The new sign on the highway seems to be asking an awful lot.
You wouldn’t think it’d be a good year for acorns, as dry as it’s been the past couple months- but there they are, crunching underfoot, ground down into flour on the asphalt. Fat fox squirrels look on, barking from the trees, shaking their tails.
I work downstream this time, mostly because someone was parked in the spot I was thinking, making the decision for me. A rust-red Outback. Swear I’ve seen it before down here. Probably have.
We got a little rain early in the week, though the creek’s still awful low and clear. Threw a small streamer for a while, but couldn’t find the groove. Switched to my bastardized version of a North Fork Special and pulled a tiny wild rainbow from behind a logjam; it pulled loose at my feet and found its way through sodden leaves back to its lie.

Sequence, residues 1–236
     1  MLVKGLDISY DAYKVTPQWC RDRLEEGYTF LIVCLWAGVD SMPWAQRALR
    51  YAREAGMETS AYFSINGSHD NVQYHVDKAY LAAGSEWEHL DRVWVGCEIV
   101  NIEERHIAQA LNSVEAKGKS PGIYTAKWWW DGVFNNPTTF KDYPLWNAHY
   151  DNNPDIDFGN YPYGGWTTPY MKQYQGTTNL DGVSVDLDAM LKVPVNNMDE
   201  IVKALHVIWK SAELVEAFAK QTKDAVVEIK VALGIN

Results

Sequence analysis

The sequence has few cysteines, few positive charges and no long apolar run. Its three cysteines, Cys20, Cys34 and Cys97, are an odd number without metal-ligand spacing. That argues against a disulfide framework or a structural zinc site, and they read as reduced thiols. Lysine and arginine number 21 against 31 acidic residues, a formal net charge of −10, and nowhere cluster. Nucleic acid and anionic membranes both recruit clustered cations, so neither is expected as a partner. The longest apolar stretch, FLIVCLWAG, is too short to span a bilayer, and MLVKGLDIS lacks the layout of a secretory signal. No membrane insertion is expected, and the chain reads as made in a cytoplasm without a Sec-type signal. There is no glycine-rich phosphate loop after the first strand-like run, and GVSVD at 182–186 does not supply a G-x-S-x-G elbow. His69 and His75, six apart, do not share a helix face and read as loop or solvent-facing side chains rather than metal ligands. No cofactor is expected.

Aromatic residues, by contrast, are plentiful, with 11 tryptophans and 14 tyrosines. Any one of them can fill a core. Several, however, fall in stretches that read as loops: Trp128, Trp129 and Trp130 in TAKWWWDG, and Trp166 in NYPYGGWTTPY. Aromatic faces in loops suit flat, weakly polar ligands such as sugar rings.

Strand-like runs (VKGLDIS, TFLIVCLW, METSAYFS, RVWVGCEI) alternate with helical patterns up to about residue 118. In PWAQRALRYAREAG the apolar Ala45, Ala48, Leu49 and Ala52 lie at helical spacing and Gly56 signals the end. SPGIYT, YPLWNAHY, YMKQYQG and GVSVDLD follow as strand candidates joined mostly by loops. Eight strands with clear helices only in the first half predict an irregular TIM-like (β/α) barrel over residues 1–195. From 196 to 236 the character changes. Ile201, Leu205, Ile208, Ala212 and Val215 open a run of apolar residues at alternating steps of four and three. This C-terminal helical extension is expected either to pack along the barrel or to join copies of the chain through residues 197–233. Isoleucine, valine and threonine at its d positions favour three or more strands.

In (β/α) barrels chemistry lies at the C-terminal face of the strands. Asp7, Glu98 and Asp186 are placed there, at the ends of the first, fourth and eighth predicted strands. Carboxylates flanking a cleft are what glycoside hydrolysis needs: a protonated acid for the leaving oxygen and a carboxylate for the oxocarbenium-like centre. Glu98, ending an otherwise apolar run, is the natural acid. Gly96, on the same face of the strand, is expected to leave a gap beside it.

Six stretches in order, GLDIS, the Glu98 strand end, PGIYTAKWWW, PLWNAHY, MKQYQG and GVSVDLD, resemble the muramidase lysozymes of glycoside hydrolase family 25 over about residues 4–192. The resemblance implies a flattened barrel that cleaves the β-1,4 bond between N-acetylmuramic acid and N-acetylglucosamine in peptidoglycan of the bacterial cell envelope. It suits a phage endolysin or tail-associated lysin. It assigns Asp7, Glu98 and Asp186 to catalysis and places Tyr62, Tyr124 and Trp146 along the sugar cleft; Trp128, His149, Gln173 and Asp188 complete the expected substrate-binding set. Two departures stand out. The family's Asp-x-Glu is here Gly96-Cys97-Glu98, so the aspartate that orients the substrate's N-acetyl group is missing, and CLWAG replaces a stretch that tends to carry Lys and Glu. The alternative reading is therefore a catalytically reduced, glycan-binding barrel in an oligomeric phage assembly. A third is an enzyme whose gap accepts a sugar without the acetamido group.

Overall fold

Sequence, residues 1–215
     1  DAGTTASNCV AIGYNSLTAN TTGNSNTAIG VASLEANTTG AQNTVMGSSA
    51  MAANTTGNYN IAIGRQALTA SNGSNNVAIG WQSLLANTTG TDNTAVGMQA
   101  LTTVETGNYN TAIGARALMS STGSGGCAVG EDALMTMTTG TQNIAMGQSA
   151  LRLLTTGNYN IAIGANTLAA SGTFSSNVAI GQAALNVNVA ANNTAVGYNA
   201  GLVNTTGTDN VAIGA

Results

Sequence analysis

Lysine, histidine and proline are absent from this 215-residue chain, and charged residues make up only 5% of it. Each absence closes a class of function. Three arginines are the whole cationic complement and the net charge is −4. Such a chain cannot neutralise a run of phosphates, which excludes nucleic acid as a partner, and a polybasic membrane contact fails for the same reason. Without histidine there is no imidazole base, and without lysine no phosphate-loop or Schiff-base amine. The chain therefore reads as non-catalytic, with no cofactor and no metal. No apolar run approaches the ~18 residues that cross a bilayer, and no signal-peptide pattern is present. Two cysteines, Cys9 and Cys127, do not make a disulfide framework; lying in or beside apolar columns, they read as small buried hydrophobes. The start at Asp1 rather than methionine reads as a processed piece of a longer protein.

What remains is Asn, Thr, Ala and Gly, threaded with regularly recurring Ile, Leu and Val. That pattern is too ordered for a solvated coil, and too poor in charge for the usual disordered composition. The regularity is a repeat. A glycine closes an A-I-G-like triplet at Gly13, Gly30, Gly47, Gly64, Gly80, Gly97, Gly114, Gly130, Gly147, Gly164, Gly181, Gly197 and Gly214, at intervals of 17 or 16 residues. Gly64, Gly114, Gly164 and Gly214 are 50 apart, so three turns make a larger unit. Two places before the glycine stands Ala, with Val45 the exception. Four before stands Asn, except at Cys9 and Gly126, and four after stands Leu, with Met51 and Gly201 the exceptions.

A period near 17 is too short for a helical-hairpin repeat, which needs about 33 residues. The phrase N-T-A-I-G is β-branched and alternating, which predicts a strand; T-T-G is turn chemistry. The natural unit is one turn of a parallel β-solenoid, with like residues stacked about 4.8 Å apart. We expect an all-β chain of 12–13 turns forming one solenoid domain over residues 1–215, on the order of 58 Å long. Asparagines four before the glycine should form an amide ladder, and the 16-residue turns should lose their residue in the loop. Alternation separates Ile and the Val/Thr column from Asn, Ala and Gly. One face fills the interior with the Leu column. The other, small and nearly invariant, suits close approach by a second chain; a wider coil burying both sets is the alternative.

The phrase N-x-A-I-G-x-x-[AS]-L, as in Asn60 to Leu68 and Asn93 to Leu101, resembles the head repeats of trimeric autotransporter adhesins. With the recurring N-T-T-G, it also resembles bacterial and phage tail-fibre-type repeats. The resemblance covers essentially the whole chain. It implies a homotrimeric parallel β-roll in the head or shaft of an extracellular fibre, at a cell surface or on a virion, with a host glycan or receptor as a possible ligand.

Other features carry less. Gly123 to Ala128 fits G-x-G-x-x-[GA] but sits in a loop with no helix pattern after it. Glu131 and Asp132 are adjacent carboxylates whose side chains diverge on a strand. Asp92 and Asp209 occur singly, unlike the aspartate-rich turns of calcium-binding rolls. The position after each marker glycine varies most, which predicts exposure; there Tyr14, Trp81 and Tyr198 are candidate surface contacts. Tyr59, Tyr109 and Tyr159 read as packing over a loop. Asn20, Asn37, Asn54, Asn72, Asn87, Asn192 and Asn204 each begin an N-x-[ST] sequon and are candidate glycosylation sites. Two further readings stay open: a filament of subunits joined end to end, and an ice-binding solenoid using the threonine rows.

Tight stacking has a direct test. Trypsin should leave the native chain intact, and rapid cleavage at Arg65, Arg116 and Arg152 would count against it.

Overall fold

There’s a long, deep bluff pool where I usually stop when working downstream, enough water between it and the car to make for a nice day. With the creek so skinny that isn’t the case, and the bluff pool is easily navigable, so I press on, curious what’s farther. It isn’t great, lots of flat water and fine substrate where the stream is steel healing from livestock and deforestation. Bare banks that could use some trees for depth and structure and shade. Still, I find a nice spot and catch three or four fish in twenty feet of stream, and that’s all I need.
Fat fox squirrels bark from the trees, shaking their tails, as I walk the road back to the car. I stop occasionally for acorns, getting good enough to spot the ones that’ve been cracked or bored by weevils before bending over to pick them up. White oak, bur oak, chinkapin. If I can get them to sprout, to grow, I’ll put them back along the bank- for depth, for structure, for shade.